I’m sorry, I just won’t do it. I mean, I don’t have cancer, and if I ever do get it I’ll need all the money I have to fight it then. So if you’re gonna sell me on the idea of sharing my own security blanket, my own disposable income, with some scientist to save the day for someone that’s not me, I better get a damn tote bag out of it!!!
Oh, there IS a free tote bag in it for me? Oh, well then, here, I’m happy to help. Who do I make a check out to?
*End Sarcasm Here
It’s not exactly like that, but when I received a letter in the mail today, the envelope had three things on it: 1) A seashell, 2) the words “Imagine a world without cancer!” in blue above the address, and 3) the words “FREE TOTE BAG DETAILS INSIDE!” in red in the right corner. Despite it’s placement, I read the red text first because, ya know, it’s red. And in caps. Plus, ‘FREE’ … so …
Apparently the concept of a cancer-less world has proven to be not enough for would-be donation givers. The truly stupid part was that I opened the standard-sized envelope fully expecting a collapsed tote bag in there like it were Marry Poppins’ purse. Would I even have opened it if the free tote were not an option? Not sure, since it was the offer contrasting with the cause that got my attention.
“Do people really need a free tote in order to fight cancer?” That was my thought as I opened it. And when no such tote was there, I turned here to, I don’t know, vent? We wear bracelets, run in 5k’s, buy T-shirts, and create hashtags to show we care about things that are so basic on the spectrum of caring that it’s hard not to feel self-righteous when we participate. From “I gave blood today” buttons to “Fuck Cancer” t-shirts, we advertise our generosity. It’s not all to promote ourselves and it’s not necessarily disingenuous, but it does seem like we do a lot more when there is a way to show it off.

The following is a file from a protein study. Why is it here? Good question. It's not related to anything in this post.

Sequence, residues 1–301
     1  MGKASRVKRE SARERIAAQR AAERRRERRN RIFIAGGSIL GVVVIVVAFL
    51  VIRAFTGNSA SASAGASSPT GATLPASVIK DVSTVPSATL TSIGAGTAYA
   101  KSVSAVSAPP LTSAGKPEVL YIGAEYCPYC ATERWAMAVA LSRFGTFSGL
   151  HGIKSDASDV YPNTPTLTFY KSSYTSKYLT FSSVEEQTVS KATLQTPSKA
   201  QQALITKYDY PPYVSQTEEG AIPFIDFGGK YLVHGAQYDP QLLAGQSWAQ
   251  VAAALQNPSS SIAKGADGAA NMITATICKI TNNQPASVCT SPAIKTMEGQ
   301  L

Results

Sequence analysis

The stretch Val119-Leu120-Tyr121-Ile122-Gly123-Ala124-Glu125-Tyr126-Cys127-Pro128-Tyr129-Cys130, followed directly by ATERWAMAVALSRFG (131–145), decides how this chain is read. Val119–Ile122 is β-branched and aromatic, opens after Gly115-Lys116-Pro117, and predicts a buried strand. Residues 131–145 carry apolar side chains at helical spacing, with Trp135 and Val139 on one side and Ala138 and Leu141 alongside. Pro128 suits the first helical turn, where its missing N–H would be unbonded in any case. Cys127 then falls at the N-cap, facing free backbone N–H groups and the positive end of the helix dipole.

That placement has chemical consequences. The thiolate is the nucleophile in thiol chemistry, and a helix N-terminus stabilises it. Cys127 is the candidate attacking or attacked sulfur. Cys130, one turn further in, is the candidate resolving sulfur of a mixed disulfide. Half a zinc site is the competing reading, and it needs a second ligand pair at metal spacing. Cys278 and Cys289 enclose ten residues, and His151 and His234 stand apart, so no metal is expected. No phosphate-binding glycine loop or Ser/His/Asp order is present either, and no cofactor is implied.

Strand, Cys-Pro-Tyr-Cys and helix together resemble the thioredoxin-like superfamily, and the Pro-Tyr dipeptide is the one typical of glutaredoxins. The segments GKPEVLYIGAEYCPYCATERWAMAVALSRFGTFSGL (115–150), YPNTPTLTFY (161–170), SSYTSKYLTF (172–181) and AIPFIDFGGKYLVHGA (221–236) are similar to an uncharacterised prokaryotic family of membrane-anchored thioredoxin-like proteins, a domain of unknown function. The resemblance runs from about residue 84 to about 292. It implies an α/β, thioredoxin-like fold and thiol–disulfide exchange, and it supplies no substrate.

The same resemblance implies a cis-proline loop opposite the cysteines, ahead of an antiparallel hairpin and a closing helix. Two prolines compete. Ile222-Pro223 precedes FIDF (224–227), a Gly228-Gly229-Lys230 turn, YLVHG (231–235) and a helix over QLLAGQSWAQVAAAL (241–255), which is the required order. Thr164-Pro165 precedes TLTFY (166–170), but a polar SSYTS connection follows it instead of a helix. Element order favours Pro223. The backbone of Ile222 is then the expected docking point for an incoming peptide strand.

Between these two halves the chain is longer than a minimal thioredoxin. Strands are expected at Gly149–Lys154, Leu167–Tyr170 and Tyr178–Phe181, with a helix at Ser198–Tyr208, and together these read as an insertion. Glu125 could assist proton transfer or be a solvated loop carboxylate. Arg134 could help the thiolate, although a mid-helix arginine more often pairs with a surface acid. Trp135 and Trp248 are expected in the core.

I get it, too. If I stand alone against cancer, there’s no way we can win. But if I buy a bracelet then that makes me part of a group of hundreds, thousands and hundreds of thousands. Then I feel a lot better about contributing to a cause that we can win. And there’s even basic truth to it: the more people we have fighting cancer, the better our chances are of winning. More people, more money, more minds, and more tote bags.
It shouldn’t matter why we decide to help, but that we decide to help. In my mind, the cause should be cause enough, and to many it definitely is. But to energize the masses, it takes symbols of community. Like an N-Y on your hat, a yellow ribbon on the back window of your car, or a rainbow flag on your porch, showing support beyond your monetary or voluntary donations does have an impact.
So, yes, send me my free tote bag and make sure it tells people that I helped; that they can help, too. And that when they do, they can get a tote bag that inspires someone else. Not everyone is equally affected by cancer, but everyone needs a bag to put shit into now and then.